Former WSJ reporter says law firm used Indian hackers to sabotage his career

Former WSJ reporter says law firm used Indian hackers to sabotage his career
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WASHINGTON, Oct 15 (Reuters) – A former Wall Street Journal reporter accuses a major US law firm of using mercenary hackers to force him out of his job and ruin his reputation.

in a lawsuit Unveiled Friday night, Jay Solomon, the Journal’s former chief foreign correspondent, said Philadelphia-based Dechert LLP worked with hackers from India to steal emails between him and one of his key sources, Iranian-American aviation executive Farhad Azima.

Solomon said the messages, which showed Azima floating the idea of ​​the two doing business together, were put into a file and circulated in a successful effort to get him fired.

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The lawsuit, filed in federal court in Washington, says Dechert “mistakenly disclosed this file first to Mr. Solomon’s employer, the Wall Street Journal, in its Washington DC office, and then to other media outlets in an attempt to to smear and discredit him.” He said the campaign “effectively caused Mr. Solomon to be censured by the journalistic and publishing community. “

Dechert said in an email that he disputed the claim and would fight it in court. Azima – who introduced his own lawsuit against Dechert on Thursday in New York – had no immediate comment. read more

Solomon’s lawsuit is the latest in a series of legal actions following Reuters reports of hackers for hire operating from India. In June, Reuters reported about the activities of various hacking shops, including Delhi-area companies BellTroX and CyberRoot, which were involved in a decade-long series of espionage campaigns targeting thousands of people, including more than 1,000 lawyers at 108 different law firms.

At the time, Reuters reported that people who had become hacking targets while involved in at least seven different lawsuits had launched their own investigations into the cyberespionage campaign.

That number has grown since then.

Azima, Solomon’s previous source, is among those who have gone to court over the alleged hack. His lawyers, like Solomon’s, plead that Dechert worked with BellTroX, CyberRoot, and a host of other private investigators to steal their emails and publish them on the web.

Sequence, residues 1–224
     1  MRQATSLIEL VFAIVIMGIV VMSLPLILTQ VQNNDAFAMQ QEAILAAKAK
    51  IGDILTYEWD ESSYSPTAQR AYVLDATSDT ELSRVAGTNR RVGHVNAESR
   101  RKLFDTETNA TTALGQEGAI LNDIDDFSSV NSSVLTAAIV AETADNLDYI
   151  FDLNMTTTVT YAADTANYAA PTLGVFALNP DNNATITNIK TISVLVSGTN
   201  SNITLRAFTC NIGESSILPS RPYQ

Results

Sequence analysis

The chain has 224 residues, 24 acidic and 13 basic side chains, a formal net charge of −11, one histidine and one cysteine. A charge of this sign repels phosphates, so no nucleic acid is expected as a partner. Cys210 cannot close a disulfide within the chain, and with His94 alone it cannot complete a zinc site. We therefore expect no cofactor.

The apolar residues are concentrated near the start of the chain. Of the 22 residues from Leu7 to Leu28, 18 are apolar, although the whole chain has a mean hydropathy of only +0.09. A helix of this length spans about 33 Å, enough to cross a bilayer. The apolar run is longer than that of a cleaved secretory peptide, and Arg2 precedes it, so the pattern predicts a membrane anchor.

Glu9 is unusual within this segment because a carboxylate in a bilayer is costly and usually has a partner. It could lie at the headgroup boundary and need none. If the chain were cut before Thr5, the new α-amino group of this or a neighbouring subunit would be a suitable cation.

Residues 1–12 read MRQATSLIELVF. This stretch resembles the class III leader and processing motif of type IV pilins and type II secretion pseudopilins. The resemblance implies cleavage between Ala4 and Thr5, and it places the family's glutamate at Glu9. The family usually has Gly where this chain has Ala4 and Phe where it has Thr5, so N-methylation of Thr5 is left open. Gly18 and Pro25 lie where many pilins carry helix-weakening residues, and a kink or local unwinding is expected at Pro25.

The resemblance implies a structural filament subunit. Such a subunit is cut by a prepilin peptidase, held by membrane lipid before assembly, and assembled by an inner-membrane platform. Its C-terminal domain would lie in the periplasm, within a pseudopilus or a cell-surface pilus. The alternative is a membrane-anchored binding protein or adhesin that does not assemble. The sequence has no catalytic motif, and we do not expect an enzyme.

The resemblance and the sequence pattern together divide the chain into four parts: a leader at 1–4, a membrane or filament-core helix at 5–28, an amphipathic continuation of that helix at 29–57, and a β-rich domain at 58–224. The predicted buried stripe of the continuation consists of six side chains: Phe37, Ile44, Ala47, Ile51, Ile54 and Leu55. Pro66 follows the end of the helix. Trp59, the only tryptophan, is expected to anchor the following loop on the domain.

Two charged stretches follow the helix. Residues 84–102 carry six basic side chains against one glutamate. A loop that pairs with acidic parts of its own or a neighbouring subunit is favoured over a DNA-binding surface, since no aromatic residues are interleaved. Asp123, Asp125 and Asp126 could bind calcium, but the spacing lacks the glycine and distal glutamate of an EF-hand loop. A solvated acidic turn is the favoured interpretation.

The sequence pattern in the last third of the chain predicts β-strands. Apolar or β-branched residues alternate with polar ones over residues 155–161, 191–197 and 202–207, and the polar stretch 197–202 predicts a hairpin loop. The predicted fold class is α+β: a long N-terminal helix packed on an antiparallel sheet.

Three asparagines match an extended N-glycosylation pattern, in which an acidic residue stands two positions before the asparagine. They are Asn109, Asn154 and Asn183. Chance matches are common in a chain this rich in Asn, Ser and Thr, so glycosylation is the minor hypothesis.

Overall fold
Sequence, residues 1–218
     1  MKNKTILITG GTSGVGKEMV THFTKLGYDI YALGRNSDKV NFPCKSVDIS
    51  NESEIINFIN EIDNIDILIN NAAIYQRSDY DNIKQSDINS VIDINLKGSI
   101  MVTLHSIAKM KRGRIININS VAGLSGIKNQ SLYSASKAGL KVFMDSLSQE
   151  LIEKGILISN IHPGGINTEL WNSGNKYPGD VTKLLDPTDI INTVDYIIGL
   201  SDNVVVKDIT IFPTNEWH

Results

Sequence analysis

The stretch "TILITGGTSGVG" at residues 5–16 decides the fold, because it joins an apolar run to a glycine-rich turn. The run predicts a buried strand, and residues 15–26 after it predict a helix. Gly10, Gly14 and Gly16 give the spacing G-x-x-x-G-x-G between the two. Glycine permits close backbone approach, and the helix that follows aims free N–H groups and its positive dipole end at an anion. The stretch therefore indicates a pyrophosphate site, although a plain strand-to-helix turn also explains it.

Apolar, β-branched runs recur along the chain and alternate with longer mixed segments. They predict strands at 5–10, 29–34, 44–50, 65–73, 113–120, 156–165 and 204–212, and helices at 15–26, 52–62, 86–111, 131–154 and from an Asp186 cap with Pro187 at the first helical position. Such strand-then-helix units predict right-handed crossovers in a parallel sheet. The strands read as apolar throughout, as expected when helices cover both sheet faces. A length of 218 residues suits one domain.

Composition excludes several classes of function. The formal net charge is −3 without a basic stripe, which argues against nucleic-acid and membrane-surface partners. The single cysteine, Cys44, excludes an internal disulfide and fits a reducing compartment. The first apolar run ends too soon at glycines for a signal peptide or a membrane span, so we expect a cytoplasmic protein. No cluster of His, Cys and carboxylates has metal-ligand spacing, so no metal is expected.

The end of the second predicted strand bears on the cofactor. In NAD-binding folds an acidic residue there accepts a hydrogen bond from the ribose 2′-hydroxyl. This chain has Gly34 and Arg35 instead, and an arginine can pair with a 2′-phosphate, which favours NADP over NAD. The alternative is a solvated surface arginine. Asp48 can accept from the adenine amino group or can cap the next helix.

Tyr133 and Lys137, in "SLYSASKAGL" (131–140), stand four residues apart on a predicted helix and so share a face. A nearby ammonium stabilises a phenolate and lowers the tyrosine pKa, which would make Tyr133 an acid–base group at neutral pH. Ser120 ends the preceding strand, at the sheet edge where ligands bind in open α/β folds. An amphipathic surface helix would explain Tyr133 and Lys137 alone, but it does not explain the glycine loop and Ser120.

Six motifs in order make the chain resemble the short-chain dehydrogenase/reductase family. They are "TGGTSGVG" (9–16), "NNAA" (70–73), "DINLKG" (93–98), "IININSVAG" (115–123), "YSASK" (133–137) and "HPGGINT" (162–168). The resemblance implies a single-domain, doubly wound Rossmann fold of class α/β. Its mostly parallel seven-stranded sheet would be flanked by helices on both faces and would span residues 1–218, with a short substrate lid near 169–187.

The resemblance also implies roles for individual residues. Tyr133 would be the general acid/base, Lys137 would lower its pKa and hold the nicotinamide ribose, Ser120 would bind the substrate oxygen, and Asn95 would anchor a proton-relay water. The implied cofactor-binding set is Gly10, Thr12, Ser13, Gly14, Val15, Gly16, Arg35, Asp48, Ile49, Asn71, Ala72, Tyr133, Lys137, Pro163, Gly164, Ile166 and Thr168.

BellTroX and CyberRoot are not parties to the lawsuit and could not be immediately reached. Executives at both firms have previously denied any wrongdoing.

Solomon and Azima allege that Dechert undertook the hacking and leaking operation in the interest of his client, Sheikh Saud bin Saqr al-Qasimi, ruler of the Ras Al Khaimah emirate in the Middle East. Reuters reported that lawyers for Ras Al Khaimah’s investment agency RAKIA used the emails to help win a fraud lawsuit brought against Azima in London in 2016.

Azima, who denies the RAKIA fraud allegations, is seeking to have the sentence overturned.

In addition to being deployed in court, the leaked emails also made their way to The Associated Press, which published two articles about Azima in June 2017, including a that revealed that the airline tycoon had offered reporter Solomon a minority stake in a company he was creating. The newspaper switched on Solomon shortly before the AP story was published, citing ethical violations.

Solomon says that he never accepted Azima’s proposal or benefited financially from their relationship. in first person bill of the scandal published in the Columbia Journalism Review in 2018, the former journalist said he never turned down Azima’s talk of business opportunities because he was trying to play along with a man who had been crucial to his reporting on the Middle East. Solomon acknowledged “serious errors in the management of my original relationship with Azima”, including the acceptance of stays on the businessman’s yacht. But he said he had been the target of an “incredibly effective” intelligence operation.

The Journal, which is not a party to the lawsuit, declined to comment. The AP did not immediately return a message.

Solomon said in a statement Saturday that the hack and leak he suffered was an example of “a trend that is becoming a major threat to journalism and the media, as hacking and digital surveillance technologies become more sophisticated and pervasive. This is a huge threat to press freedom.”

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Information from Raphael Satter; Edited by David Gregory

Our standards: The Thomson Reuters Trust Principles.

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